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Battle of the Bulge

Sharma Vaughn, RN, MPA
Executive Director, Community Care Alliance
Western Healthcare Alliance
March 23, 2020

Years ago, when I was visiting Belgium, I met a man in the Bastogne War Museum: The Battle of the Bulge. The man was 11 years old during World War II “when the GI Joes liberated the city,” he told me. I was amazed to see his genuine delight at meeting the unaccomplished nobody of a granddaughter of a “real American GI Joe.” It didn’t matter to him that my grandpa fought in the South Pacific. He had hero-worshipped the GI Joes since he was 11. And who wouldn’t? I had hero-worshiped that generation, too.

It was easy to worship them with their stories of bravery and selflessness. Such stories flowed without acknowledging the immensity of what they had done at 18 years of age!

I remember my grandmother telling me about sugar rationing, darning socks, and wrapping bandages for troops overseas. She had assumed her brother’s teaching post as he had gone to war. This was not unusual; she would point out. “Everyone just did the best they could with what they had been given.” It was business as usual.

That was simply the habit when you grew up during the depression. It was no big deal to make the best of what you had. You stretched the soup with what you had been given. No car? No problem. You’d make do with the horses. You shared, you did without, but you made it work because nobody had excessive resources. Everyone was pinched. It was business as usual.

In fact, that generation was so accustomed to doing the best they could with the little they had been  given that it was business as usual to stand between the German Army and people they had never met
in a foreign land. They took what they had been given, holding the line, and turned the tide of the war. We now know the significance of the Battle of the Bulge. They knew the right thing to do was to make do with what they had been given.

By contrast, I looked at my generation with their pants too low, dependency on cell phones, and preoccupation with pop culture and thought how unlikely it would be to see heroes rise again.

Inspired by my grandmother, I went to nursing school. It was not long after that I found myself working in small Western Slope hospitals. There, in the hospitals, I saw daily the stories of natural selflessness that made the world right again. That is the world I live in. These are no-account, under-resourced, local, small, rural and frontier hospitals who by habit and heritage simply keep doing the best they can with what they have been given.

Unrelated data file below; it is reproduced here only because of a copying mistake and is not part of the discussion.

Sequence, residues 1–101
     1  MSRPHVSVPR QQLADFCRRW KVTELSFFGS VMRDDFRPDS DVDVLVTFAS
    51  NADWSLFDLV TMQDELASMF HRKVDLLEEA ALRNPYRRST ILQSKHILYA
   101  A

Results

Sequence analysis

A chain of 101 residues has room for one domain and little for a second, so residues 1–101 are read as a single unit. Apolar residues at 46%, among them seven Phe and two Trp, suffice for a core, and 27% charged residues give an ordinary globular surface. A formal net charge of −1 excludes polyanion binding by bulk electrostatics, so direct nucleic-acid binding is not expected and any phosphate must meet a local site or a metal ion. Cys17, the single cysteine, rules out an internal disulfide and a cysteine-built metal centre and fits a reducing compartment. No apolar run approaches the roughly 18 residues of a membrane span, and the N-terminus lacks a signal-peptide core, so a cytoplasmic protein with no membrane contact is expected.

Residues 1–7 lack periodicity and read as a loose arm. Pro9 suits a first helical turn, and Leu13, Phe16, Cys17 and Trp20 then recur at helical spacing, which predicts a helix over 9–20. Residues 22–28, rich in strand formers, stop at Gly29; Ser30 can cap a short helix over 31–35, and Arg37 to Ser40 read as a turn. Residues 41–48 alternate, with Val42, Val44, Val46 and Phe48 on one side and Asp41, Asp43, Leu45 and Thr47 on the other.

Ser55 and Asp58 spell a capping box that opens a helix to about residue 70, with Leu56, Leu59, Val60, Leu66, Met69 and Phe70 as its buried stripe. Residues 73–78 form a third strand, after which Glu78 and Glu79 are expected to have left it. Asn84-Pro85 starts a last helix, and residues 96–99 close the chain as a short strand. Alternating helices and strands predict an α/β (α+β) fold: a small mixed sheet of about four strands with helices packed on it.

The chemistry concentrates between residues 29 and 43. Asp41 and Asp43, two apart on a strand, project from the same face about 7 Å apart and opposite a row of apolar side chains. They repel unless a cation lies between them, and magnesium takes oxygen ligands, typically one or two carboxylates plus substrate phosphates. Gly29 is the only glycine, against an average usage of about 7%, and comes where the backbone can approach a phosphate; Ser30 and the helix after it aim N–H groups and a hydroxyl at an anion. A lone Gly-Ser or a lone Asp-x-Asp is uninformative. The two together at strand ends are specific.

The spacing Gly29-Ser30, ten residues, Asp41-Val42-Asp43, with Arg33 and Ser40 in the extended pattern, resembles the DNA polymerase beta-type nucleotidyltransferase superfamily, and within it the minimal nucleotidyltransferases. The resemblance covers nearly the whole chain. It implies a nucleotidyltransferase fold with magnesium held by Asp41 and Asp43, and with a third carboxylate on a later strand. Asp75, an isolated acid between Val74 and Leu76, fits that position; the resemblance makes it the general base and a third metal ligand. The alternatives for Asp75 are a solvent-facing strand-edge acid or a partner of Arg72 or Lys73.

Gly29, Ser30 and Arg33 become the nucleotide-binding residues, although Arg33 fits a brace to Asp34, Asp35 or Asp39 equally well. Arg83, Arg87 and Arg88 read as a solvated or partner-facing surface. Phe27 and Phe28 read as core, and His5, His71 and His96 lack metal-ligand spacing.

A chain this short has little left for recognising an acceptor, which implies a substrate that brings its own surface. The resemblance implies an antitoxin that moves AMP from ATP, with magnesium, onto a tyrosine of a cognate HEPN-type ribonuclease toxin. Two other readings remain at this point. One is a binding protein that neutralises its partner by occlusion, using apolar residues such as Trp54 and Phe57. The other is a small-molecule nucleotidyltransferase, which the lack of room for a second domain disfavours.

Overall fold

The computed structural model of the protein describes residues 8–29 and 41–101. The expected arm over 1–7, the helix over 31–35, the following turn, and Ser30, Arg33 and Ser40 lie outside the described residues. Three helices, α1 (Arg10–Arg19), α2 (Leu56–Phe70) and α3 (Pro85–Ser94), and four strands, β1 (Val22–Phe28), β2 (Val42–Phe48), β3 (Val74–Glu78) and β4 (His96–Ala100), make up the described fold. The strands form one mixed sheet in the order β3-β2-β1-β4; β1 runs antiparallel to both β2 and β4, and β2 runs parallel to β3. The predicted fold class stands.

So naturally, I was astounded to hear the news recently that hospitals were the bad guys. Didn’t I know that hospitals were responsible for overspending in healthcare? Hadn’t I heard? They were selfish, preying on people’s bad fortunes in order to make shameful profit margins! Wasn’t I aware? We should band together and set them straight. Legislators told us that Denver knew best, and they didn’t trust hospitals – ANY hospital.

No. I wasn’t aware of that. Because that was not the hospital world I knew. I knew hospitals with negative or starved profit margins that fought on because they were the only source of healthcare in their communities. I saw nurses give up holidays with their own children to staff the ER. I saw hospital CEOs bring pizza on a Saturday to overrun nursing units. I saw administrators repeatedly show up after hours to comfort a community in the wake of an accident involving a local teenager or toddler. I saw physicians do house calls. I saw countless meals skipped, lunch breaks abandoned, vacations cancelled, schedules swapped, shifts extended, meals donated, and car rides offered. I’m not just talking about clinical staff, either. I’m talking about kindnesses done daily by all kinds of staff like maintenance and the business office, housekeeping, administration, dietary, and reception.

Just a few weeks ago, the media was ablaze with furious reports over the villainy of hospitals. Me? I just don’t see it in the hospitals I know.

In the wake of the Coronavirus, I simply see these hospitals continue business as usual: taking care of their communities, by doing the best they can with what they have. Many of the hospitals have suspended accounts receivable believing collections would cause hardships to their communities who are out of work. They do this knowing it could make finances even harder on the hospital.

Overrun amidst the pandemic, the hospitals are doing what they’ve always done: the best they can with what they have, answering the shortage of vital personal protective equipment (PPE) with creativity. They have come together to purchase equipment that will allow them to sterilize and re-use PPE. Some communities are helping by sewing face masks from vacuum cleaner HEPA filters… anyone up for darning socks next?

When one hospital was offered financial assistance, they turned it down, asking that it be offered to another hospital that needs it more. Not only are the hospitals looking out for their own communities, they are looking out for each other’s communities. These are not the money-hungry, price-gouging, villains we were told they were.

The Battle of the Bulge reminds us there were heroes who stood in the gap, putting their very lives on the line. They turned the tide of a war. It was business as usual: good people doing the right thing. There are heroes still, who stand in the gap, putting their lives on the line. They wash in. They wash out. They hope they don’t bring it home to their families. They’re turning the tide of a war. They’re doing what they always do: the best they can with what they have been given. They’re good people doing the right thing. It’s business as usual.

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